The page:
7homas Parker (Michigan State

University) and Scott ßaIdridge

(Louisiana State University) have

developed mathematically rigorous

courses for elementary teachers

and have written a textbook to

be used jointly with elementary

school textbooks from Singapore.

Problems and assignments in their

textbook incorporate and analyze

problems and presentations in the

Singapore books.

http://www.math.msu.edu/~parker

http://www.math.lsu.edu/~sbaldrid

Ms. Madison wants to pick one example

from the previous day’s homework on

simplifying radicals to review at the

beginning of today’s class. Which of the

following radicals is best for setting up a

discussion about diferent solution paths

for simplifying radical expressions?

a)

€

54

b)

€

72

c)

€

120

d)

€

124

e) Each of them would work equally well.

Mathematics for Teaching

Scott Baldridge, Lousiana State University, with a future teacher

Because many of her students confuse area and perimeter,

Ms. Jovanovic designed a lesson to address their confusion.

At the end of the lesson, she wants to give her students a

single problem to assess their learning. Of the following,

which would best serve her needs?

Mathematics for Teaching

3m

4m

2m

6m 4m 4m

What is the area? What is the area? What is the area?

Page 7

With recent progress in understanding the mathematical work of teaching, education

researchers have begun to develop tests for measuring this knowledge. Initial results

suggest that these measures isolate a body of mathematical knowledge that matters for

student learning.

In a longitudinal study of three major school-reform programs in 115 low-performing

urban elementary schools, Hill, Rowan, and Ball (2005) investigated the effect of

mathematical knowledge on student learning in first and third grade. Multiple-choice

questions used in their measures ranged from ones about “common” mathematical

knowledge expected of anyone, such as what number is halfway between 1.1 and 1.11,

to “specialized” mathematical knowledge needed for teaching, such as those in the

“Mathematics for Teaching” boxes (Ball, Thames, & Phelps, in preparation).

Mathematical knowledge for teaching,

as measured by these tests, significantly

predicted student learning. The table

to the right gives estimated coefficients

for a regression-like, linear model

based on student variables, teacher/

classroom variables, and school level

variables (not shown). While the effect

is small, it is meaningful in this setting.

If a third-grade teacher performs one

standard deviation above the mean

on the multiple-choice measure, that

teacher’s students are predicted to gain

2.28 additional points on the student

learning measure. Given an average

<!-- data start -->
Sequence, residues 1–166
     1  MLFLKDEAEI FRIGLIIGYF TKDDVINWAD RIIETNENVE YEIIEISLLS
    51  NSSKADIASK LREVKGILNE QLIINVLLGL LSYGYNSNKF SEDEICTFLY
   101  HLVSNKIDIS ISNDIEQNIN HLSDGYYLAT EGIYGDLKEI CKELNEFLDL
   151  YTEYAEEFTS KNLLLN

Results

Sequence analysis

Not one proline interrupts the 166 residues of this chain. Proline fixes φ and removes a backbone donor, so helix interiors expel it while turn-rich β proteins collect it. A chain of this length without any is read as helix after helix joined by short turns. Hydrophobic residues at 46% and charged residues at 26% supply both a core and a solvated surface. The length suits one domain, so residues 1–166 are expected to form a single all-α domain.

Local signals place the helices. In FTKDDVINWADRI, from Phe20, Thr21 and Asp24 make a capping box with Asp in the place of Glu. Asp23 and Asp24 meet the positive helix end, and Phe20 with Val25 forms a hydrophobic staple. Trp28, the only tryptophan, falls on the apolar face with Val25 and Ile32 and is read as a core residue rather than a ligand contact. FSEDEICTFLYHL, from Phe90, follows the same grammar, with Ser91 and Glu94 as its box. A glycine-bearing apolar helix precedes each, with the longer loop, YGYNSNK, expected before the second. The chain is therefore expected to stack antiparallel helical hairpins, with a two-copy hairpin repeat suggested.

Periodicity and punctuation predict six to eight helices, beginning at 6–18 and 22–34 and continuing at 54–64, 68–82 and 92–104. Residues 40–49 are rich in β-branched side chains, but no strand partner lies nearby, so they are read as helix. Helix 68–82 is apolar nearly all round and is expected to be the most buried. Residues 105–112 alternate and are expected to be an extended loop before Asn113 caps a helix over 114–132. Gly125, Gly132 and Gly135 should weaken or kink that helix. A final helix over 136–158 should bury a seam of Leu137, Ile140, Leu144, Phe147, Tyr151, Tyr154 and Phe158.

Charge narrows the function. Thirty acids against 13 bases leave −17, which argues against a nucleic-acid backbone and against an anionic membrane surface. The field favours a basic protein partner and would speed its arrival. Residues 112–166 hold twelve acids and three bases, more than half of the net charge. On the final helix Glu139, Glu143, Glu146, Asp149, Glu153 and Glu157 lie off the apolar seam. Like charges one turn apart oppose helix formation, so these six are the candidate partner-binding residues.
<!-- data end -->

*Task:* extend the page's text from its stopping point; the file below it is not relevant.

gain of 39.3 point over the year, this is

equivalent to 2 to 3 additional weeks of

instruction per year. Looked at another

way, the effect of teacher mathematical

knowledge is comparable to the effect

of socioeconomic status (SES) —

historically the most robust predictor of

student achievement.

This result, if it holds up in further

studies, has ground-breaking policy

implications. Although the prospect of

equalizing student socioeconomic status is remote, the prospect of improving teacher

knowledge of mathematics for teaching suggests a relatively clear agenda.

To test the hypothesis further, Hill, Rowan, and Ball also ran the model including a

similar measure of teacher knowledge for the teaching of reading. If teacher reading

knowledge also showed an effect on student mathematical achievement or washed

out the effect of mathematics knowledge, it would suggest that general intelligence

or general knowledge of teaching were the determining factors. Instead, though, the

effect of teacher knowledge of mathematics remained, and there was no effect of

teacher knowledge of reading on the mathematics achievement of students.

These results suggest that the “right” content knowledge, that which is specifically

connected to the work teachers do, matters for students’ learning.

Designing

courses—

teaching

teachers

Working in the trenches of teacher

preparation, several mathematicians

are diligently exploring new

visions for mathematics courses

for teachers. They seek to re-

conceptualize the mathematics

courses offered to teachers while

honoring the legitimate concerns

and needs of teachers.

NichoIas ßranca (San Diego State

University) develops courses

that combine the teaching of

mathematical content with the

teaching of how to do mathematics.

He aims to prepare teachers to

hold productive conversations

about mathematical ideas with

their students. In support of this

goal, he combines a focus on

student thinking with a focus on

mathematical explanation. He uses

these two cornerstones to provide a

foundation for helping teachers re-

conceptualize their understanding

of mathematics and develop the

mathematical skills they will need

on the job.

http://public.sdsu.edu/CRMSE/

nbranca.html

Nicholas Branca, San Diego State University

Hierarchical Linear Model for

Predicting Student Learning

Grade 1 Grade 3

Intercept 57.6 39.3

(1.31) (.97)

Student variables

SES 3.96*** 2.13**

(.94) (.76)

Teacher/classroom variables

Methods & content .53 1.64

courses (1.00) (.92)

Certifed .23 –.34

(.89) (.73)

Years experience .72 1.04

(1.14) (.65)

Mathematical

knowledge 2.22* 2.28**

for teaching (.91) (.75)

Lesson length –.11 1.77*

(1.04) (.87)

* Signifcant at p < .05

** Signifcant at p < .01

*** Signifcant at p < .001